The following events are FREE. RSVP appreciated but not required.

Edgar Allan Poe vs. Transcendentalism
Rob Velella
Thursday, October 23 at 7 P.M.

Boston-born author Edgar Allan Poe had a bone to pick with the literary culture of Boston – especially Transcendentalism. Hear Poe himself (portrayed by literary historian Rob Velella) as he offers his critical opinion of Ralph Waldo Emerson and his followers, as well as some of his satirical stories about the movement.

Walden’s Shore: Thoreau and 19th-Century Science
Thursday, October 30 at 7:00
Robert Thorson
Thorson II
Walden’s Shore explores Thoreau, the rock and mineral collector, interpreter of landscapes, and field scientist, whose compass and measuring stick were as important to him as his plant press. This book examines Thoreau’s understanding of the geodynamics of the living earth and how his understanding informed the writing of Walden.


The story unfolds against the ferment of natural science in the nineteenth century, as Natural Theology gave way to modern secular science. Thorson demonstrates just how close Thoreau came to discovering a “theory of everything” that could have explained most of the landscape he saw from the doorway of his cabin at Walden. At pivotal moments in his career, Thoreau encountered the work of the geologist Charles Lyell and that of his protege Charles Darwin. Thorson concludes that the inevitable path of Thoreau’s thought was descendental, not transcendental, as he worked his way downward through the complexity of life to its inorganic origin, the living rock.

Robert M. Thorson is Professor of Geology at the University of Connecticut. He is also the author of Stone by Stone: The Magnificent History in New England’s Stone Walls and Beyond Walden: The Hidden History of America’s Kettle Lakes and Ponds.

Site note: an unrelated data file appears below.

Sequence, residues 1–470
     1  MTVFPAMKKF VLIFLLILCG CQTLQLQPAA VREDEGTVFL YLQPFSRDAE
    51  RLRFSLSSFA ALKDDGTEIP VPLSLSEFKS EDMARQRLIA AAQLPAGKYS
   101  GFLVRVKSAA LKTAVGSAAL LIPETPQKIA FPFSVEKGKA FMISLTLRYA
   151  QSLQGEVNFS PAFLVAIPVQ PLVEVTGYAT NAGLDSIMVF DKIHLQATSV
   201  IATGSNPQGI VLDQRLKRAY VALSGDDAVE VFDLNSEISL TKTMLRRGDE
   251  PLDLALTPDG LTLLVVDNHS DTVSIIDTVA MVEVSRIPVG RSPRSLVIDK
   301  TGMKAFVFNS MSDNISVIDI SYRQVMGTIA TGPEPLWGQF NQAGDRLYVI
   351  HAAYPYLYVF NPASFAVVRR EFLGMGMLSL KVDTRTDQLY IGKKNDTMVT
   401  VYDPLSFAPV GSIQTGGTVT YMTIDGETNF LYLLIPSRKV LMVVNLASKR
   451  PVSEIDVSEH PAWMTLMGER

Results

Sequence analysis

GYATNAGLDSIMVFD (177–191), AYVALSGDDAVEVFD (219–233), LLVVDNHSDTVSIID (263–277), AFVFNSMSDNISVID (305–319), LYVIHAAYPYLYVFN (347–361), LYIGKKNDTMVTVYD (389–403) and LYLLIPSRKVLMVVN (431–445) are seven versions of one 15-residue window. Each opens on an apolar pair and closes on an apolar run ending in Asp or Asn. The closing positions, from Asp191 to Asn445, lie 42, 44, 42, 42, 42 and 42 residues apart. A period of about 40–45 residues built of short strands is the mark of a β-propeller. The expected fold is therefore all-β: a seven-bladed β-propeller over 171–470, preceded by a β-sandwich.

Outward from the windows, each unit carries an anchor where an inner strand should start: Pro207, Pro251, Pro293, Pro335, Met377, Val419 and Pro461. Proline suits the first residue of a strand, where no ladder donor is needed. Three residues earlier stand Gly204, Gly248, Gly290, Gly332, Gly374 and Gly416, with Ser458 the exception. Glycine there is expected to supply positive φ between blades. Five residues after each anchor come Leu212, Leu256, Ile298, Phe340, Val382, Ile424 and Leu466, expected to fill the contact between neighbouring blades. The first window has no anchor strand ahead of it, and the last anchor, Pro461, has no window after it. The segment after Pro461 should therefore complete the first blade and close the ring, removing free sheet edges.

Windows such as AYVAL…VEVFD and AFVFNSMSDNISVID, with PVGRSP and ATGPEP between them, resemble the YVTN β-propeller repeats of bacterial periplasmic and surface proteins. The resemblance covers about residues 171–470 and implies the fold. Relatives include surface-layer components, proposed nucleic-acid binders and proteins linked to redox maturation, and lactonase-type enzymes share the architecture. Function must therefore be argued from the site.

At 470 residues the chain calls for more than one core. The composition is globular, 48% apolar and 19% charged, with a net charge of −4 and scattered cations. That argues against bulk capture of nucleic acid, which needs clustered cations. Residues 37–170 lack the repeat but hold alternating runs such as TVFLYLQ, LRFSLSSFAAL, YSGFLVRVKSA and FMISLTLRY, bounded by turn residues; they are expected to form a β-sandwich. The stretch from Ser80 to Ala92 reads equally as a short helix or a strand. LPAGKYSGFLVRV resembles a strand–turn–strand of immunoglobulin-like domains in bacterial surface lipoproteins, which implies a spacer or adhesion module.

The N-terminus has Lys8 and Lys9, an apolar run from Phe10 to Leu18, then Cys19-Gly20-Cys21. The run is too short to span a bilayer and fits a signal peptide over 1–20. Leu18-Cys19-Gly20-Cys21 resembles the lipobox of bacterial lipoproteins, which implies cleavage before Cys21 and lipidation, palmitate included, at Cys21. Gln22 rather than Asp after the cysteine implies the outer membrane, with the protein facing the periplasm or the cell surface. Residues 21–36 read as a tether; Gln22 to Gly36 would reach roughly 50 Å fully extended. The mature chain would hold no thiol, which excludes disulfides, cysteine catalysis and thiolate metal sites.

This event is part of the annual Concord Festival of Authors. Full schedule of Festival events here.

Thoreau on Wolf Hill – A Henry David Thoreau Mystery
B.B. Oak
Sunday, November 9 at 2 P.M.
B.B. Oak returns to Thoreau Farm with the second book in the Henry David Thoreau Mystery series – Thoreau on Wolf Hill.
Thoreau had all the makings of a great crime solver – the analytical skills of a surveyor, the observational skills of a scientist, a photographic memory, and a passion for collecting arcane information.  His instinct for detecting human foibles was razor-sharp and he had a heart-felt sense of justice.  And like most legendary detectives, he marched to his own drummer.


In Thoreau on Wolf Hill, the winter of 1847 has brought a consumption (tuberculosis) epidemic which is devastating the village of Plumford, Massachusetts. In an atmosphere of increasing hysteria and superstition, country doctor Adam Walker and philosopher Henry David Thoreau seem the only voices of reason.

The winter also brings two visitors to Plumford. Solomon Wiley hails from Rhode Island and offers his services as a vampyre hunter, insisting that the scourge is supernatural in origin. At the same time, Adam’s cousin Julia has returned home from France, mysteriously without her new husband.

When a former student of Thoreau is found mutilated and drained of blood in the woods, Wiley insists that a legendary Indian vampyre has arisen.

Dismissing the blustering fearmonger, Thoreau and Adam follow clues to the backstage world of a Boston theater, the smoky decadence of an opium den, and an Indian burial ground. Both men will need to keep their wits about them – or risk ending up in coffins of their own…